Two college students, Marie and Alexia, are spending some vacation time at Alexia’s parents’ house. A mysterious man shows up in the middle of the night and turns their lives into a living hell.
While all of the films I’ve recommended over the past month are movies I love, this movie I adore. This isn’t just one of the best horror movies ever made, this is one of the best MOVIES ever made.
The name High Tension is perfect for the film because once the man shows up, the film moves at a breakneck pace that doesn’t slow down for a second. I didn’t want to wait to see this in theaters (it was already on DVD in France), so I imported the film six months before it was released in the US. I was so enamored by it, once it was over, I watched it again.
When it finally was released in US theaters, they butchered the hell out of it. A large part of what made this film so intense was because they didn’t shy away from the violence. Some of the scenes were incredibly intense, and the violence showed they weren’t messing around.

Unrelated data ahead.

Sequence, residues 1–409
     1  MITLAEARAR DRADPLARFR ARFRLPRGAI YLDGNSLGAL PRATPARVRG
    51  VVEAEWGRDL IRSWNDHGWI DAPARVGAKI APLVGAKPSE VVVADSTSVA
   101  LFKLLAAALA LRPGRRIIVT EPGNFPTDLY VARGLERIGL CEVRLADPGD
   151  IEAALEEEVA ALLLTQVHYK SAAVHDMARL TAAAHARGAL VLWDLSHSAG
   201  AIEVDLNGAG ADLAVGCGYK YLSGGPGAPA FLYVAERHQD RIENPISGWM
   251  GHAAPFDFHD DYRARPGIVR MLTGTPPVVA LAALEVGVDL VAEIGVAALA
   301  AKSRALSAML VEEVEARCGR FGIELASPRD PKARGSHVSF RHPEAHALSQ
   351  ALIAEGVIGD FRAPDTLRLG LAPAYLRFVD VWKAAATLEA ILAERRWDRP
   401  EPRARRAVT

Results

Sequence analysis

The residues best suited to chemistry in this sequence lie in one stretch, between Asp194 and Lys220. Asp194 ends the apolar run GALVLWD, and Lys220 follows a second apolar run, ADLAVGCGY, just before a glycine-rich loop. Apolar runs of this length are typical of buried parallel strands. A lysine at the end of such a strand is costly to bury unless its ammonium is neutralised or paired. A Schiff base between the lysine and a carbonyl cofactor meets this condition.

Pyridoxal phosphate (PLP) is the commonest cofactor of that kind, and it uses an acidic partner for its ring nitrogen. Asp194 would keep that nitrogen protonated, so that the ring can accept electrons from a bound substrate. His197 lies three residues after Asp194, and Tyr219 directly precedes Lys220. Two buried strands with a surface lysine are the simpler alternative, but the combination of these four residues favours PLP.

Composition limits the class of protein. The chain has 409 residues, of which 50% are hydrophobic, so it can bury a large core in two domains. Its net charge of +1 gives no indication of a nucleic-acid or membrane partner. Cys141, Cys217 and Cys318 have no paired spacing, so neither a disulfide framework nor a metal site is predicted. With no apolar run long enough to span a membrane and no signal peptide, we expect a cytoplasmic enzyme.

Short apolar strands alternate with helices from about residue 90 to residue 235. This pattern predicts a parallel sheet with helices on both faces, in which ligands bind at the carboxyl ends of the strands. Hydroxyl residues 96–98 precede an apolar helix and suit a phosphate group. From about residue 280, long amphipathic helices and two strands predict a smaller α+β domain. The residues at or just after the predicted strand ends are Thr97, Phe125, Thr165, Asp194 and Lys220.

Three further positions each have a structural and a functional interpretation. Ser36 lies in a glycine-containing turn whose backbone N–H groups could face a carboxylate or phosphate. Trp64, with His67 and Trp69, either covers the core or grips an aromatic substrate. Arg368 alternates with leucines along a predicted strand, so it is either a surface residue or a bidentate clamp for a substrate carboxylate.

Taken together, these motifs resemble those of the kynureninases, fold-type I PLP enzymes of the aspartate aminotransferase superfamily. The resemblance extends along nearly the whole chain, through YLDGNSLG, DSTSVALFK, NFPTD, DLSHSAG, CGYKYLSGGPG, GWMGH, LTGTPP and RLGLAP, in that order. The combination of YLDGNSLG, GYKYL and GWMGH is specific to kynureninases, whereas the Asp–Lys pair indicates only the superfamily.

I went to see this in the theater to support the film and was infuriated that they edited out most of the gore. By removing something that was essential to the film, it undercut the experience and made it much less terrifying. This wasn’t violence for violence sake. This was violence that showed just how malevolent a force they were dealing with. By removing many key scenes, they took the “tension” out of “High Tension.”
Thankfully, the DVD has the full uncut version. It is a movie that I’ve seen numerous times, and it never loses its punch. It holds nothing back, it has no comedic relief, and it never turns the camera away from the horror. This movie doesn’t glorify the violence; it showcases it as how savage the world can be. It delves into the mind of a complete psychopath and creates one of the most memorable movie experiences I’ve ever had.
Dean Koontz’ “Intensity” was the most intense novel I have read. I saw this on the big screen one Saturday. I was surprised at how closely it followed the first third of the novel. I later showed it to a Dean Koontz fan, who got very angry, how they “stole” or “ripped him off”. I thought it was a better adaptation than the mini-series based on the novel.